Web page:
Meet the Designer: Sadie Clayton

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1. Describe your brand in one sentence.

Sculptural, feminine, independent and empowering.

2. What inspires your designs?

I take my inspiration from everyday life because I find it fascinating and it means that everyone can relate to and add their personal touch to my pieces when they wear them, it makes the whole experience more holistic. I have two concepts which I have explored over the last few seasons which are time and headspace.  

Being inspired by the world around me and seeing everyone, including myself, doing everything possible to fit their many responsibilities into every day work and home life, I have developed the concept of how difficult is to find time for everything and even more so the headspace and creative space for oneself.  A more personal twist is also the integration of the use of crystals in the collection. I am a firm believer in the benefits of crystals within our every day lives and which are often used in spiritual journeys. I translate their natural shapes into the shapes of my garments or holistically as part of the journey which I elaborate through my embroidery and embellishment.

I dress a woman who does not follow trends and enjoys fashion as an expression of her personality not as a representation of how others may expect her to dress

3. What type of woman is a Sadie Clayton customer?

She’s strong minded and happy to be different (whether a little or a lot), independent, ambitious in her own way and culturally curious.  I dress a woman who does not follow trends and enjoys fashion as an expression of her personality not as a representation of how others may expect her to dress.

4. How long have you been designing and what inspired you to get started?

I grew up in a society where being mixed race was a minority, I looked different so had the choice to follow the cultural stereotypes or embrace who I was, have fun with it and take advantage of my cultural fusion. I began designing at a young age - I’d buy fabric from Ikea and make a dress by draping fabric on a mannequin and jazz it up by adding buttons from my very large vintage buttons collection. Then, as now, everybody wore the same clothes, followed the same trends, but I wanted to wear avant-garde, interesting clothing and create my own trends, so studying fashion and moving to London and creating my own label was a way to do this.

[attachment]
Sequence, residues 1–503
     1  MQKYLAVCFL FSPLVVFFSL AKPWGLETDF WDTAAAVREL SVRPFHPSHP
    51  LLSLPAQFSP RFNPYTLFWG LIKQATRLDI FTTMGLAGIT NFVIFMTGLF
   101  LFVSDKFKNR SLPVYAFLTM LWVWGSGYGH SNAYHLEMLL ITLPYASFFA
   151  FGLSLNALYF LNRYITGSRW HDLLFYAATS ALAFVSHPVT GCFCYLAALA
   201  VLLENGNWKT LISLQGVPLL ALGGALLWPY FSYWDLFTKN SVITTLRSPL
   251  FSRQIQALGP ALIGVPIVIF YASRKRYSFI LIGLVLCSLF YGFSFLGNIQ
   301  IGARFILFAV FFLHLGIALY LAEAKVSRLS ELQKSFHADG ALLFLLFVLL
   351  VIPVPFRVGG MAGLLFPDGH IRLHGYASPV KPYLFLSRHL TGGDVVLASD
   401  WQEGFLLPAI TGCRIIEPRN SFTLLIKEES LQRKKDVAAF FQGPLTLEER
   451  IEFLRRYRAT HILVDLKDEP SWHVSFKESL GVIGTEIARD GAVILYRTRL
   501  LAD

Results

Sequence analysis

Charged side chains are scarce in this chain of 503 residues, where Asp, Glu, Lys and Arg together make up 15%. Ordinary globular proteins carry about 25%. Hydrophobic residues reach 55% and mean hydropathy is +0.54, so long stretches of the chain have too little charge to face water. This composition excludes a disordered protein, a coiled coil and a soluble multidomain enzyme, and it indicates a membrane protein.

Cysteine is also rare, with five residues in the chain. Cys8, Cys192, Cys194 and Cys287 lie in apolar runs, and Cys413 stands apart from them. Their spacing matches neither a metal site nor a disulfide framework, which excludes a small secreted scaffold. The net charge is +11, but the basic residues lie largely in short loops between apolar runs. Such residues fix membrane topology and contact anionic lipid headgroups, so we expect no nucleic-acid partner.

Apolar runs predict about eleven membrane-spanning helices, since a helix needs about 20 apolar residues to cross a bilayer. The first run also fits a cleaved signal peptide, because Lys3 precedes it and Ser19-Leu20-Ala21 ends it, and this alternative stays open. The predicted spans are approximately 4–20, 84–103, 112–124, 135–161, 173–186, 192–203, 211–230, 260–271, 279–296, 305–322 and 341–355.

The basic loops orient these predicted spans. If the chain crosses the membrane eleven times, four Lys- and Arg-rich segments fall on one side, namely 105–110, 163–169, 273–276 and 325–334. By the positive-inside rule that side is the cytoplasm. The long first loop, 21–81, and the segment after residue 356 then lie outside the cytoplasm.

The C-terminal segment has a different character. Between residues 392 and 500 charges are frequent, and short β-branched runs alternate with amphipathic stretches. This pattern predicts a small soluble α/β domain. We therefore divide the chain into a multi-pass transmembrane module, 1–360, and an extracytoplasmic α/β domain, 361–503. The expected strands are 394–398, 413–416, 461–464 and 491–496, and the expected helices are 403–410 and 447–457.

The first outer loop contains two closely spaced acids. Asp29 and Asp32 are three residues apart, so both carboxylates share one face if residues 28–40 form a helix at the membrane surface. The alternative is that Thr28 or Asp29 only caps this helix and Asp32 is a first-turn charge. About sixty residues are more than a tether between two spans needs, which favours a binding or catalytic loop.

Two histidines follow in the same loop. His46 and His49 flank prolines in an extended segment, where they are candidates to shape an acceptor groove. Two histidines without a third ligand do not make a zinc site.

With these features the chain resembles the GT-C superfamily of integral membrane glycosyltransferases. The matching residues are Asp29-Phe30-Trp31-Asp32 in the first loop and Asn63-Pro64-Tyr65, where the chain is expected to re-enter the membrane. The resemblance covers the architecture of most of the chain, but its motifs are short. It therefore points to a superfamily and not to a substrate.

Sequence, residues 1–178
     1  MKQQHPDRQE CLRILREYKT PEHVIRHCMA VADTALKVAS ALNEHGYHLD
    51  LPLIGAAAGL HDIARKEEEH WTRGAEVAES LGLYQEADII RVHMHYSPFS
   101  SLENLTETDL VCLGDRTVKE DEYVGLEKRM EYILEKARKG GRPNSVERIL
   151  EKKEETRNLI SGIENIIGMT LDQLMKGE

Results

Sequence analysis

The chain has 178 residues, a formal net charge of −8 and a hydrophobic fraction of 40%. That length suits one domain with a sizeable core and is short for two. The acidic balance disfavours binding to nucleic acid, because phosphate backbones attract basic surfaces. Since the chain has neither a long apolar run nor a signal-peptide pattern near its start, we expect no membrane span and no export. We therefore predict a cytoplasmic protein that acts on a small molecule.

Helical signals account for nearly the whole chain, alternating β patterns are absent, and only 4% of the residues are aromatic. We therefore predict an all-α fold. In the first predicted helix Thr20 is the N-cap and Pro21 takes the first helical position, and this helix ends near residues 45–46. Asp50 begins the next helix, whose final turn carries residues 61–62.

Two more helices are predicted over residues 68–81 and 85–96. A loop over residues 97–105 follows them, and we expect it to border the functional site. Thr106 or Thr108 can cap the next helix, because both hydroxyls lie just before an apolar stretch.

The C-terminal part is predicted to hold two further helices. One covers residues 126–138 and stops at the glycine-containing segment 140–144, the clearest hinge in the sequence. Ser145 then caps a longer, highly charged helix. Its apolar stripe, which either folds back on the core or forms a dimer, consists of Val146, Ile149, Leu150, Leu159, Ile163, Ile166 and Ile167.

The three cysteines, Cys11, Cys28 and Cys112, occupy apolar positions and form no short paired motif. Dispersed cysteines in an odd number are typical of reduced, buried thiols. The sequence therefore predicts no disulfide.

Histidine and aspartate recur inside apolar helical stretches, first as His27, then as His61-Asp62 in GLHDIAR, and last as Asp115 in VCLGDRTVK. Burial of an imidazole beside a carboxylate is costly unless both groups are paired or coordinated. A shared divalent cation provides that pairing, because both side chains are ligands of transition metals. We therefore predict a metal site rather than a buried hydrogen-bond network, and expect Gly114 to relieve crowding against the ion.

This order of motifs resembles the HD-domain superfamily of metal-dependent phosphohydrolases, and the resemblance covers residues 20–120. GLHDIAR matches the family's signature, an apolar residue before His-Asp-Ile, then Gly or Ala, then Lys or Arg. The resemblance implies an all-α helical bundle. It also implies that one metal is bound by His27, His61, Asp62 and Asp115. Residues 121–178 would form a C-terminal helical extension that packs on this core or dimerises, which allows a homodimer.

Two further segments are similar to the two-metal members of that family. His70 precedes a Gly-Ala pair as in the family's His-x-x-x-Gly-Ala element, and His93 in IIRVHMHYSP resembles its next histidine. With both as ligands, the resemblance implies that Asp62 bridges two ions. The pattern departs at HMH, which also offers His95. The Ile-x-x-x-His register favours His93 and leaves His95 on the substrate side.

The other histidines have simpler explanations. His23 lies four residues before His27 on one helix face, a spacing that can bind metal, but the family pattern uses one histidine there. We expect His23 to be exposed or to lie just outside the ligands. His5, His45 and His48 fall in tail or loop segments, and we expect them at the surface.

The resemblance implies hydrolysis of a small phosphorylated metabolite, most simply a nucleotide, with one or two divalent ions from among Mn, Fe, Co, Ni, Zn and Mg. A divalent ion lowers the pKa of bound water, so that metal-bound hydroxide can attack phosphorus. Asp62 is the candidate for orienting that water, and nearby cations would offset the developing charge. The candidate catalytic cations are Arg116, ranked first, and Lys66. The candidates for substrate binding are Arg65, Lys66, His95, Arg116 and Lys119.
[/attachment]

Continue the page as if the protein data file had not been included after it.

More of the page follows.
My brand launched in 2015 and I debuted my first commercial collection in February 2016.

5. What was the first ever item of clothing you designed – and do you still have it?  

A leather dress with copper saddles down the front, which is part of my archive.

6. Describe your design process.

I rinse my crystals so I feel that I'm in a cleansed state of mind to begin the next collection, then I write lists of keys words to describe the mood I want to project, collect imagery and fabrics, design a mood board and a colour board, begin sketching for the imagery, make mini versions of the sculptural pieces on an 18inch mannequin, sketch from the mini sculptures to develop the shape/cut, drape shapes onto a mannequin, and finally begin pattern cutting. I create lots and lots of sketches and then once I have my ideas together I sit down and hone the key looks and pieces.

I would recommend anyone to think about it carefully and create a strong support structure from the beginning

7. Any advice for someone just getting started in fashion design?

I would recommend anyone to think about it carefully and create a strong support structure from the beginning.  The business is tough and you need great tenacity and determination, endless amounts of energy and the desire to put in a lot of hard work but also amazing people around you to help you succeed.

8. What kind of designers did you intern with, and why did you choose them?

One of the first ones was at ShowStudio with Nick Knight, I modeled Gareth Pugh’s stealth bomber couture piece for an exhibition called ‘in your face’. This was really when I saw the inside angle of a fashion/art exhibition, which I guess has influenced my fusion of fashion and art.

I then went and interned at Gareth Pugh. That was interesting, seeing and working in a real fashion environment. My Una Burke internship was epic. She taught me how to work with a hide from scratch! Also, she always had lots of projects on and commissions which was mega inspiring. I did a project for John Galliano in my final year at university - so going over to his studio in Paris and having a tutorial with the studio manager was invaluable. He made me really think about the woman I was designing for.

9. Who inspires you, both from fashion and other spheres?

There are many people but the writer Paul Arden, and the designer Ron Arrad are at the top.

10. Who are your fashion idols and why?

Thierry Mugler, John Galliano, Alexander McQueen, Dries Van Noten, Martin Margiela, Comme des Garcons, Jacquemus. They epitomize a similar aesthetic purity and image that I find in my own designs and in their own way stand for similar aspirational objectives for our woman.

11. What are your main goals for your fashion label?

World domination! and taking the label and my creativity outside of just fashion but also into other areas of lifestyle and design.

12. Your dream collaboration?

I would love to collaborate with a chain of boutique hotels on their interior design – preferably one who had a location in Miami ☺

13. What has been the best part of your fashion journey so far?

How unexpected collaborations have enabled me to travel and therefore open my brand up to other opportunities.

Marc Cameron